1. Braves – Mike Minor/Brandon Beachy
2. Nationals – Tom Gorzelanny/Ross Detwiler
3. Mets – Chris Capuano/Johan Santana
4. Phillies – Joe Blanton
5. Marlins – Chris Volstad
Well well well, look who isn’t #1 on the list, finally. Minor’s got a good chance to be a very good pitcher, and so does Detwiler. Neither has really shown it in the majors, while they’ve both destroyed AAA hitters. The difference is that Minor’s likely starting as the #5 guy, while Detwiler has to wait for Gorzelanny, Marquis or Lannan to stumble. I don’t have the faith in Gorzy to put him at the number 1 spot here, but between him and Detwiler, I like the back end of this rotation. Capuano is a decent veteran who will pitch ok, and while we don’t know if Johan will be back before June or July or August, he will probably be pretty good. Blanton is probably going to be fine, but I can’t rank him above the possibility of Santana, and he has no upside, like the other guys. Volstad is a giant, but he hasn’t shown that he can pitch at all in the majors yet.
Update: Minor was beat out by Beachy for the #5 spot the day this was posted, but my ranking still stands. If teams carried a #6 starter, the Braves would lead that category, too. Unless Johan comes back from major shoulder surgery at the earliest possible time and is successful, I think this ranking is still pretty accurate.
SCORE: Phillies (49), Braves (43), Nationals (36), Marlins (33), Mets (33)
1. Mets – Francisco Rodriguez
2. Braves – Craig Kimbrel
3. Marlins – Leo Nunez
4. Nationals – Drew Storen/Tyler Clippard/Sean Burnett/Todd Coffey
5. Phillies – Brad Lidge
This was the hardest one for me. Rodriguez, despite all his trouble, is still the best. Kimbrel may end up being great this year, but I’d like to see it first. Nunez is a decent reliever, but he is nothing special. It sill ranks him above Storen, who has looked bad this spring, although his recent outings since fixing some mechanical flaw have been better. I’d consider ranking Storen last, but if he doesn’t perform, I think the Nats have a strong bullpen with plenty of decent options, even if none are ideal. As for Brad Lidge, he continues to be shaky, wild, somewhat hurt, and inexplicably permanent in his role.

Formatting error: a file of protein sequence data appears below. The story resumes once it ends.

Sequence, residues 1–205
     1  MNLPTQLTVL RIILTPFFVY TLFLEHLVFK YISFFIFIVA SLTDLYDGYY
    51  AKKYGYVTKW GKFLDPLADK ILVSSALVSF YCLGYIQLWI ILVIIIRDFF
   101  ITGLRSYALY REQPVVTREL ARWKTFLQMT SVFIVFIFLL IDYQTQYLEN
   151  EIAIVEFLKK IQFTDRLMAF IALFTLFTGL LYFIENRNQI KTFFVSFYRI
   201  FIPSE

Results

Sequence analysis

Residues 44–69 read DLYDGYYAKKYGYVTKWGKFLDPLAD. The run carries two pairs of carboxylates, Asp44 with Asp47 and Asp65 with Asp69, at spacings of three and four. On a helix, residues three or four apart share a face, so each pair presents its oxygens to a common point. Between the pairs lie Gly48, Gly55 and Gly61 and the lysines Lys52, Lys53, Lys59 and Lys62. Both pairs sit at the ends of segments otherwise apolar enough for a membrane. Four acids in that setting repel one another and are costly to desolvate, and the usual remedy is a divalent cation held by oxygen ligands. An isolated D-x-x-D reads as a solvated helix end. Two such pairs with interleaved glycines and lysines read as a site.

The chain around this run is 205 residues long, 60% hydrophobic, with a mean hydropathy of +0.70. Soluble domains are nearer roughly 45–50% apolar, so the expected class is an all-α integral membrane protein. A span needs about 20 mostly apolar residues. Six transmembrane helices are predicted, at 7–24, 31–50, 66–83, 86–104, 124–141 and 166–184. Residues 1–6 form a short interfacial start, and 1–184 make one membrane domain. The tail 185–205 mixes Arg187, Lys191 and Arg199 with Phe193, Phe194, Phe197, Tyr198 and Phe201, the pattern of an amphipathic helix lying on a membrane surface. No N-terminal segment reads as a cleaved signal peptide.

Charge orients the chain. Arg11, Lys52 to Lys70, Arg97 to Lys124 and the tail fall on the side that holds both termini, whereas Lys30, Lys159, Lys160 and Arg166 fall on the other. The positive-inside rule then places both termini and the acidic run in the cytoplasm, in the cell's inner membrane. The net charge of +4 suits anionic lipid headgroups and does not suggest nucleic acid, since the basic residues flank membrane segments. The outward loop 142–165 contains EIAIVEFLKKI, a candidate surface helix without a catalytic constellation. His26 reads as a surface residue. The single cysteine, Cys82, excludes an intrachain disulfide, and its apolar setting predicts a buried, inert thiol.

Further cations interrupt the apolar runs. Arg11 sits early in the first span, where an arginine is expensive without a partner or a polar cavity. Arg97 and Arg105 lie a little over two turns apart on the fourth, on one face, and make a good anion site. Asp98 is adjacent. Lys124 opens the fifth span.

SCORE: Phillies (50), Braves (47), Mets (38), Nationals (38), Marlins (36)
How did we get here?
1. Phillies – 50: The had a slight edge in position players and then utterly destroyed in the starting pitching category. It’s surprising, with all the talk that their lineup isn’t great, how good it might really be. They should be a very good team once again.
2. Braves – 47: The Braves have come in a pretty close second. Their lineup is middle of the road, with some questions, but their pitching staff is just high quality throughout. They are the Phillies biggest competition for the division, and could end up taking the title.
3 (tie) Mets – 38: Despite all of their troubles, the Mets keep their heads above water just enough, to grab a tie for third place at the end thanks to their closer. It’s not a formula for success, though, and I’d be surprised if they finished this high.
3 (tie) Nationals – 38: The Nats position players keep them in fair position until they get to the pitching, and a potentially good back end of the rotation makes up for having poor front line guys. They have a chance this year to be better than they’ve been in years, although it still won’t be good.
5 Marlins – 36: This style of assessment seems to be unfair to the Marlins. They have a true ace, and the rest of their pitching staff is quite good, they just lose a point here and there for being a tick below the other guys. Their lineup, though, is probably the worst in the division. I’d be surprised, though, with the depth of their pitching, if they are horrible.
I think while people would quibble about the order of the bottom, the top two are probably right. Some would envision more distance between the Phillies and the Braves, but I think this is pretty accurate. The bottom three are so close in points that it will just as easily turn out in a different order as it does in this order. A key injury could quickly sink one of the bottom teams to the anchor position. As for me, I’ll take the Phillies to win and the Braves to contend for a wild card, probably fighting for the East title until some time in September.